In a massive step for LGBTQ+ rights, the US House of Representatives voted in favour of codifying same-sex marriage. 

On Friday (24 June), the court overturned the landmark 1973 Roe v. Wade ruling that legalised abortion nationwide.

“The Constitution does not confer a right to abortion; Roe and Casey are overruled; and the authority to regulate abortion is returned to the people and their elected representatives,” the Supreme Court wrote in a document.

Alongside the court’s dangerous decision to overturn Roe v. Wade, Justice Thomas wrote that the Supreme Court should “reconsider” various landmark decisions such as the right to contraception, same-sex relationships and same-sex marriage.

However, in response to Thomas’ archaic opinion, Democrats and 47 Republicans in the House voted in favour of the Respect for Marriage Act on 19 July.

The inclusive bill, which passed with a 267 to 157 vote, would effectively codify same-sex marriage and grant gay couples an array of federal protections. 

The legislation would also formally repeal the Defense of Marriage Act – which deemed marriage as a union between a man and a woman back in 1996.

During the debate on the House floor, Rep. Jerry Nadler said the aforementioned bill was created to “reaffirm that marriage equality is and must remain the law of the land”, as reported by ABC News. 

“Congress should provide additional reassurance that marriage equality is a matter of settled law,” Nadler said.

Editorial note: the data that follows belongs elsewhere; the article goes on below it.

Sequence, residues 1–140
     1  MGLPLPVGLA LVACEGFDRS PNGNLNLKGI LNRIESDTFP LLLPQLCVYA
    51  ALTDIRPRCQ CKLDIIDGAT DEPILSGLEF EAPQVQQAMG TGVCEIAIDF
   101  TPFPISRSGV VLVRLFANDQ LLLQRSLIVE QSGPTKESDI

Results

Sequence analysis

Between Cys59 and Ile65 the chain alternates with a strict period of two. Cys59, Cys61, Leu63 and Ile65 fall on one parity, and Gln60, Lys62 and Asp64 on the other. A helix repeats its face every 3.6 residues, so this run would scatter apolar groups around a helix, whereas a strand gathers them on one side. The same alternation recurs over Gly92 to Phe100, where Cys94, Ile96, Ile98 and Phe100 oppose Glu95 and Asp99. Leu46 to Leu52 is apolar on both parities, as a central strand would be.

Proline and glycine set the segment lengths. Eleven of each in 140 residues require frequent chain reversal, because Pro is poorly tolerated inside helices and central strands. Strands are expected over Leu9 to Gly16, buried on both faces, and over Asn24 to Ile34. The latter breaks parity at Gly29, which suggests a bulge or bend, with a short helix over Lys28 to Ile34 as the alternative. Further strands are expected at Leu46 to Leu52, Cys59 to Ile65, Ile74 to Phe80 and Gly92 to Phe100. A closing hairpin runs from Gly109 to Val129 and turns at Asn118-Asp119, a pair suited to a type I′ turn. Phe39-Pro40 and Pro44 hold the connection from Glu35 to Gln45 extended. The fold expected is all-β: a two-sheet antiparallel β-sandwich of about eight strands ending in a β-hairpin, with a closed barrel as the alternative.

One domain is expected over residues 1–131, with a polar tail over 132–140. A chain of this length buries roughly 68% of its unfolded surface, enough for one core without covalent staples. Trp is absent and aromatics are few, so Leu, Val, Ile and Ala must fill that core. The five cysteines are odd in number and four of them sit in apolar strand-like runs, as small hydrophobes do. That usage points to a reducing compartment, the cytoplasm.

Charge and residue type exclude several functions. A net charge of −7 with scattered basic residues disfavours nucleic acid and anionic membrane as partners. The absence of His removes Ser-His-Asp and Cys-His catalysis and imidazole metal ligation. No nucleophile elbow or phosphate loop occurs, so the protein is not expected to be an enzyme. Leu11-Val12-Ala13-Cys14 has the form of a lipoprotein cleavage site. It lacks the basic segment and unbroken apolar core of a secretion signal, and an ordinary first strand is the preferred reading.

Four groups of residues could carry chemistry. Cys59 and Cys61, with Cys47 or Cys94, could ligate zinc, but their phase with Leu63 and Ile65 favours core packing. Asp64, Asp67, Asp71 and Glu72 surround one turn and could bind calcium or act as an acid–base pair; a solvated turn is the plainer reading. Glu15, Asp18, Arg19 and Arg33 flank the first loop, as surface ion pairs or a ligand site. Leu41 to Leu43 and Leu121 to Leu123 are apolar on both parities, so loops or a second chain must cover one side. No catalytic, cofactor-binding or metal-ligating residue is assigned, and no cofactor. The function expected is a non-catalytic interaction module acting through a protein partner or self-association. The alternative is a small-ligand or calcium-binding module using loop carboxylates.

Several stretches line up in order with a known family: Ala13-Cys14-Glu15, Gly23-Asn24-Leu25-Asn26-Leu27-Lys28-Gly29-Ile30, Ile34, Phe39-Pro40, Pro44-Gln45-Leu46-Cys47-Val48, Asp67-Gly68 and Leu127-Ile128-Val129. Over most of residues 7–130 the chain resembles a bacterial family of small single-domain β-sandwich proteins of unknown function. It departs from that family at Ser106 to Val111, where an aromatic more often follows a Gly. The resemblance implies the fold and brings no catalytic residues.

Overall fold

“All married people who are building their lives together must know that the government will respect and recognise their marriages for all time.”

Speaker Nancy Pelosi echoed similar sentiments during her own floor remarks, stating: “This bill makes crystal clear that every couple and their children has the fundamental freedom to take pride in their marriage and have their marriage respected under the law.” 

With the bill officially passed in the House, it now heads to the Senate – which has a 50-50 split between Democrats and Republicans. 

Due to the current filibuster rules, 60 votes are required to pass the legislation – which makes the bill’s future uncertain. 

While the battle is far from over, LGBTQ+ activists and organisations have praised the House for passing the critical bill. 

One Twitter user wrote: “Did I just cry at the news that the House passed a bill moving to codify gay marriage into law? Yes. Am I still nervous about the Senate? Yes. But for now it is a much-needed sigh of relief.”

Human Rights Campaign Interim President Joni Madison also released a statement and pointed out the bill’s “strong bipartisan support”. 

“The fact that this bill passed with strong bipartisan support – earning the votes of 47 Republicans, proves that marriage equality is supported by a wide swath of the American people, and is not going anywhere,” she said.

“We strongly urge the Senate to follow the example set by their colleagues in the House and vote to pass this bill.”